Finance: Laying waste: the landfill tax

Environmentalists question the increase in tax on dumped waste, writes Paul Gosling
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Environmentalists responded with disappointment to last week's Budget for its failure to discourage car use and green belt development. But one of the Chancellor's less noticed changes was to increase the rate of the landfill tax, giving rise to mixed feelings among environmental lobbyists.

From April 1999 the standard landfill tax, levied on active wastes, will rise from pounds 7 a tonne to pounds 10 a tonne. For the first time, dumping inert wastes in quarries will be exempted from tax, to encourage repair and redevelopment of scarred sites. The lower rate on the dumping of inactive waste remains at pounds 2 a tonne.

Many green campaigners support the landfill tax, for creating a financial incentive to reduce waste. Unfortunately, it has also increased fly-tipping, in the countryside and in town centres. Local authorities complain that the extra tax will cost them more, because of the increase in illegal dumping.

Less controversial is the role of the landfill tax in supporting groups promoting recycling and waste reduction, through the Environmental Bodies Credit Scheme. Waste management operators - companies and local authorities - can give grants under this scheme, and reclaim 90 per cent of donations, up to a maximum of 20 per cent of their landfill tax liability. It is regulated by Entrust, a non-profit-making company which approves bodies to receive funds from waste managers to distribute to local groups. The scheme got off to a slow start, but now raises pounds 60m a year.

Customs & Excise, which oversees the operation of the landfill tax, last week published a review of the tax and credit scheme. It found general support, despite some detailed reservations. In particular, respondents felt that Entrust and other bodies did not take a sufficiently strategic approach to dispersing grants.

Ken Manton, chair of the Local Government Association's waste and environmental management committee, shares those reservations. "We would have been much happier if local authorities had had a greater role in deciding priorities," he says. "Money may be targeted towards the interests of a local company." He fears that public relations play too great a part in deciding where grants go. One parish council reversed its opposition to a mineral extraction proposal, which will later become a landfill site, after receiving a grant from a developer. The public inquiry was influenced by the parish's change of heart, and overruled the original refusal to grant planning permission.

Chas Ball is secretary of the UK Environmental Bodies Council, representing groups receiving money under the scheme. He, too, has concerns about the way it works. "I think it is innovative and a broadly effective way of bringing new money into environmental projects," he says. "But there is still some learning to be done to make sure that the best projects get the money, rather than those who shout the loudest. There should be more transparency in the way money is allocated; it is a peculiar system, based on the patronage of the waste management companies. We want to avoid duplication of grants, for example by not giving money to universities for research projects that are already being done elsewhere."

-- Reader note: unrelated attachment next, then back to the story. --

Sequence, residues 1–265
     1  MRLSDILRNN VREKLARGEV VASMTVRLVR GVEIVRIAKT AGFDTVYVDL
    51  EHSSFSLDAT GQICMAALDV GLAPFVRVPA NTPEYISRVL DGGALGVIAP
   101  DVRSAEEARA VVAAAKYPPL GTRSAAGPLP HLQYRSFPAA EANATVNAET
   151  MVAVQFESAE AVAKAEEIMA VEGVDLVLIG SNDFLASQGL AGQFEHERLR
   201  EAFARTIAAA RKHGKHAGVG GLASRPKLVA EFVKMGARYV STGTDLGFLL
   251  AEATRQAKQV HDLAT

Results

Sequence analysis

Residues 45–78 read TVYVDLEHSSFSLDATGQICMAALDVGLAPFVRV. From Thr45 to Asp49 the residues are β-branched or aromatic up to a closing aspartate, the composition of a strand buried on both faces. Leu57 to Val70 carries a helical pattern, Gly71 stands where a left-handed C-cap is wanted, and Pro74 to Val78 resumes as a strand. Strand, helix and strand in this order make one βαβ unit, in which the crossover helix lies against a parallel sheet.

One of the major approved bodies is Enventure, which has three regional companies whose sole purpose is to distribute landfill tax credits. "We went out to find various projects that would fit the criteria of Entrust, including involving parish councils and schools," says Gavan Rostron, project manager of Enventure Northern. "We then set up a series of management teams to assess for community benefit. We put forward a recommended level of funding, which was approved by Entrust."

Projects funded through Enventure include restoring listed buildings such as churches and village halls, and educational schemes promoting recycling and waste reduction. A CD-Rom is being produced, to go to all schools in the region. Mr Rostron saysthe scheme operates as one of the quickest and easiest ways for environmental projects to obtain funding. Enventure says that the waste management companies are not involved in deciding which groups get grants.

Hull University's research pollution centre has received grants through Enventure to fund a range of activities, including a website that will act as a national signpost to specialist research for academics and professionals in the waste management industry, and funding for a PhD student to study contaminated land sites. Another researcher is to examine how bacteria break down organic compost, and how they might be stimulated to work more quickly.

Biffa Waste Services has allocated several million pounds through tax credits since the scheme began. A spokesman, John Dresser, says: "We are happy with the way it is going. We have hundreds of requests coming in from village halls, for otter rescue schemes, for woodland and canal renovation, and various school projects."

The benefits of the tax credit scheme are already being seen, though critics say that more could be achieved if the grant-giving process were better co-ordinated. Customs & Excise respond that Entrust's job does not include achieving value for money. It believes that a lack of strategy is an acceptable price to pay for a system that has support from both waste managers and environmental groups, and has firm roots in local organisations.